Creditors move to seize Novatek figure's assets Trainor fails to make fraud case payment

suit is being revived

Securities fraud

October 08, 1998|By Mark Guidera | Mark Guidera,SUN STAFF

British investment house Wood Gundy London Ltd. and other creditors are moving to seize assets of William P. Trainor and one of his companies after he failed to pay more than $2 million of a settlement reached in a fraud suit in connection with Novatek International Inc. of Columbia.

Wood Gundy and the creditors filed notice Sept. 30 in U.S. District Court in Baltimore that they are rekindling their $8 million lawsuit against Trainor and his business partner Vincent D. Celentano.

"We gave Trainor a chance to put all this behind him, but he missed that opportunity," said Edward Meehan, an attorney with Skadden, Arps, Slate, Meagher & Flom LLP in Washington, which is representing Wood Gundy and an unsecured creditors group.

In addition, Wood Gundy and the creditors have amended the suit to add others they allege are tied to the fraud, including Trainor's wife and children, and Celentano's wife, Mary N. Celentano.

Wood Gundy and the creditors filed the initial suit last October, a year after trading in Novatek was halted and the company filed for bankruptcy protection.

In the suit, Wood Gundy, a unit of the Canadian Imperial Bank of Commerce in Toronto, claimed that it had lent Novatek $4 million in 1996 based on its claims about licensing deals and contracts to sell medical diagnostic test kits manufactured by Universal HealthWatch Inc. of Columbia.

Under a settlement reached in May, Celentano and his wife signed over rights to $280,000 they were due from the sale of a Novatek property in Florida and $100,000 due from a business loan.

Trainor agreed to pay $2.8 million and signed a "confessed judgment," under which his assets and those of his company, New England Diagnostics Ltd. of Hingham, Mass., could be seized in the event of default.

According to federal court records, Trainor paid $700,000 of the settlement but failed to meet an Aug. 1 deadline for paying the $2.1 million balance.

"The settlement agreement gave us the right to immediately seize [Trainor's] assets. We will go after these things aggressively now," said Meehan.

Paul M. Vettori, a lawyer with White, Miller, Kenny and Vettori in Towson who is representing Trainor in the lawsuit, said he had not yet reviewed Wood Gundy's amended suit and declined to comment on it. He also said he could not comment on Wood Gundy's allegation that Trainor defaulted on the $2.8 million settlement.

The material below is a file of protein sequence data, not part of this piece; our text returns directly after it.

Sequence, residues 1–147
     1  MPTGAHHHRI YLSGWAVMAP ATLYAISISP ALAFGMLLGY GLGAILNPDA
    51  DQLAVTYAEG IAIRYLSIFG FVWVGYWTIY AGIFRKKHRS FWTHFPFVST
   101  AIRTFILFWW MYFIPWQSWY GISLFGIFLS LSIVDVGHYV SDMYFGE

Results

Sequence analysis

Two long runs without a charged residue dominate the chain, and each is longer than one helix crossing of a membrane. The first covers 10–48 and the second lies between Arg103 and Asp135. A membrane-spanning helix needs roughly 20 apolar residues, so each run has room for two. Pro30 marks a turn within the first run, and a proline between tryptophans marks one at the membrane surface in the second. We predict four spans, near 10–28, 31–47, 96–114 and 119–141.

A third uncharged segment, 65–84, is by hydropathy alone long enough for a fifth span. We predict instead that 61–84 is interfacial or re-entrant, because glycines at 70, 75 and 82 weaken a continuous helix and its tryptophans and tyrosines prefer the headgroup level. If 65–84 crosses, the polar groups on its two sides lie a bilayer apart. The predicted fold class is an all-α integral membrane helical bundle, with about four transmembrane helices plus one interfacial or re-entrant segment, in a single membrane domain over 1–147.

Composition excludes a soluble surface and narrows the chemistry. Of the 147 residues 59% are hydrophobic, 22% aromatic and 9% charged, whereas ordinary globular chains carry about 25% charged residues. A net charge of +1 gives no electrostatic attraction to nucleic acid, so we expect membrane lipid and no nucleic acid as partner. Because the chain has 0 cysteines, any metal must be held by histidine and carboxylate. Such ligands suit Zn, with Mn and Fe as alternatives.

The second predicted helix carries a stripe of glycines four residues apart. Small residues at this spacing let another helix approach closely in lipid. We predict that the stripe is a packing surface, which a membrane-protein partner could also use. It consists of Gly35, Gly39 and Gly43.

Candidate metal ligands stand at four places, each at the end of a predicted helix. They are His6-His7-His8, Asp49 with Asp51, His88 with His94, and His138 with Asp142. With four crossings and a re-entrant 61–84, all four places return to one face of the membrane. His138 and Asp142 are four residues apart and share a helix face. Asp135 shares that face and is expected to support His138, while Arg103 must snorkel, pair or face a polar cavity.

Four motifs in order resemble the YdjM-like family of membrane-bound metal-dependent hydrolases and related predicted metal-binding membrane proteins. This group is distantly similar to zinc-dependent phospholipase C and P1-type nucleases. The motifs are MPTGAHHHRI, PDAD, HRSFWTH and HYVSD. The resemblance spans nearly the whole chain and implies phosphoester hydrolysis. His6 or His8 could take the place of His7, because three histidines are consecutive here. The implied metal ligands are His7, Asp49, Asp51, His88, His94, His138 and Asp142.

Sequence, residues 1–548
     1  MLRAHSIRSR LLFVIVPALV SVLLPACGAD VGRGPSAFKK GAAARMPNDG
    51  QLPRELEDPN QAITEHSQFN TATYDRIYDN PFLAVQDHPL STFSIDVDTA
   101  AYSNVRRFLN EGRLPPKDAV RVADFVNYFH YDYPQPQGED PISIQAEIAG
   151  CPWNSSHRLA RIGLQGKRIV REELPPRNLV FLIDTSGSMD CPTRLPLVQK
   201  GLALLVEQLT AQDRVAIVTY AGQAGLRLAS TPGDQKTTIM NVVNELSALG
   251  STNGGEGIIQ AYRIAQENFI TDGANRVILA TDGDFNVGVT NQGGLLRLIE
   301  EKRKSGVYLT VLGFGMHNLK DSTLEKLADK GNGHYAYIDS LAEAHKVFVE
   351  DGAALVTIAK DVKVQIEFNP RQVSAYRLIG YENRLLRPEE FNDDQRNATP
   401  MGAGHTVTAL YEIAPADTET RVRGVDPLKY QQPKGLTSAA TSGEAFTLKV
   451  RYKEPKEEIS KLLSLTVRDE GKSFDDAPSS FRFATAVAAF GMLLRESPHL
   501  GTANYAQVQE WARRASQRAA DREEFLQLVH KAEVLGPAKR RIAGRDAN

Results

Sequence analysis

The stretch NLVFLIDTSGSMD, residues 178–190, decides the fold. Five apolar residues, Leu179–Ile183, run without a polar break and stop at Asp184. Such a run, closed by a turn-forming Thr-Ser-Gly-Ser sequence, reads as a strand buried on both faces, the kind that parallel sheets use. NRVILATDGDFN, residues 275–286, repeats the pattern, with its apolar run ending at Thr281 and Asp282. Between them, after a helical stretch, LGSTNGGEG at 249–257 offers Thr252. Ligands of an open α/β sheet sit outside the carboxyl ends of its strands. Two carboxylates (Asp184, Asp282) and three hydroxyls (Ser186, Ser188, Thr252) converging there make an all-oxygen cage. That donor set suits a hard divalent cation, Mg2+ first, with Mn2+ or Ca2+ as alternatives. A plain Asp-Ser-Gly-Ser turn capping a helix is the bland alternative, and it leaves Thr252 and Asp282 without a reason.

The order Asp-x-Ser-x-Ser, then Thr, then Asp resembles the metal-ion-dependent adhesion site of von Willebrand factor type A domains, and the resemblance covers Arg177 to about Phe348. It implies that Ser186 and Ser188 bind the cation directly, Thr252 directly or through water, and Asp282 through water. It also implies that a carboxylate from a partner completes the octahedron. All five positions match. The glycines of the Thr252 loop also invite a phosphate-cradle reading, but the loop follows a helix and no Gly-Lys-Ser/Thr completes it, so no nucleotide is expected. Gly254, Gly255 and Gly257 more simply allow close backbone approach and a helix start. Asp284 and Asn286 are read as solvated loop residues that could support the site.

The amended suit names Trainor and Vincent Celentano; Trainor's company New England Diagnostics; Universal HealthWatch; Trainor's wife, Geraldine Trainor; and six of Trainor's children, including his daughters, Karen Losordo, president of New England Diagnostics, and Diane M. Trainor, a Florida lawyer.

"Defendants knowingly conspired with themselves and others to effect shell transactions and fraudulent conveyances for the purpose of siphoning Novatek's corporate assets and converting the same for their personal use," the suit states.

It seeks the return of $8 million that the creditors allege Novatek paid New England Diagnostics for licenses to the kits, as well as other compensatory damages.

Wood Gundy says in the suit that it expanded the action because banking records show that more than $6 million of Novatek funds was transferred through New England Diagnostics between March 1, 1996, and Oct. 30, 1996, to members of the Trainor and Celentano families.

According to court records, the transfers included:

* $1 million to Trainor's daughter Diane M. Trainor.

* $2.5 million to Daniel J. Trainor & Co., a company operated by Trainor's son, Daniel J. Trainor.

* $624,000 to Trainor's daughter Karen Losordo.

* $250,000 to Mary N. Celentano.

* $477,000 to Vincent D. and Mary N. Celentano.

* $500,000 to Hillsboro International Inc., whose mailing address is the Celentano home. Its director is Celentano's son, Vincent L. Celentano.

The suit also alleges that $415,000 in Novatek funds were transferred to Universal HealthWatch, "purportedly for deposits XTC on medical test kits." The suit claims that Universal had no manufacturing capacity or product registrations in countries in which Novatek claimed it had sales contracts.

Andrew D. Levy, a Baltimore lawyer who has represented Universal in the past, said Universal should be dismissed from the suit.

"The claim didn't have any merit the first time around and doesn't now," he said. "The thing that has always distinguished Universal is that it's for real and it's technology is for real."

In February, U.S. Bankruptcy Judge James T. Schneider dismissed Universal HealthWatch from the original lawsuit.

Levy said Universal never planned on manufacturing its kits at its Columbia headquarters. "They always intended to subcontract out the manufacturing of the tests. This suit is a case of guilt by association," he said.

Meehan, the creditors' lawyer, declined to disclose which assets of Trainor and New England Diagnostics the creditors would seek to seize.

In June, the Securities and Exchange Commission filed a complaint against Trainor and Celentano, charging the two Hillsboro, Fla., residents with committing "massive fraud against investors" by orchestrating sham transactions to inflate Novatek's stock price. Celentano and Trainor are fighting the charges.

Pub Date: 10/08/98

Baltimore Sun Articles
|
|
|
Please note the green-lined linked article text has been applied commercially without any involvement from our newsroom editors, reporters or any other editorial staff.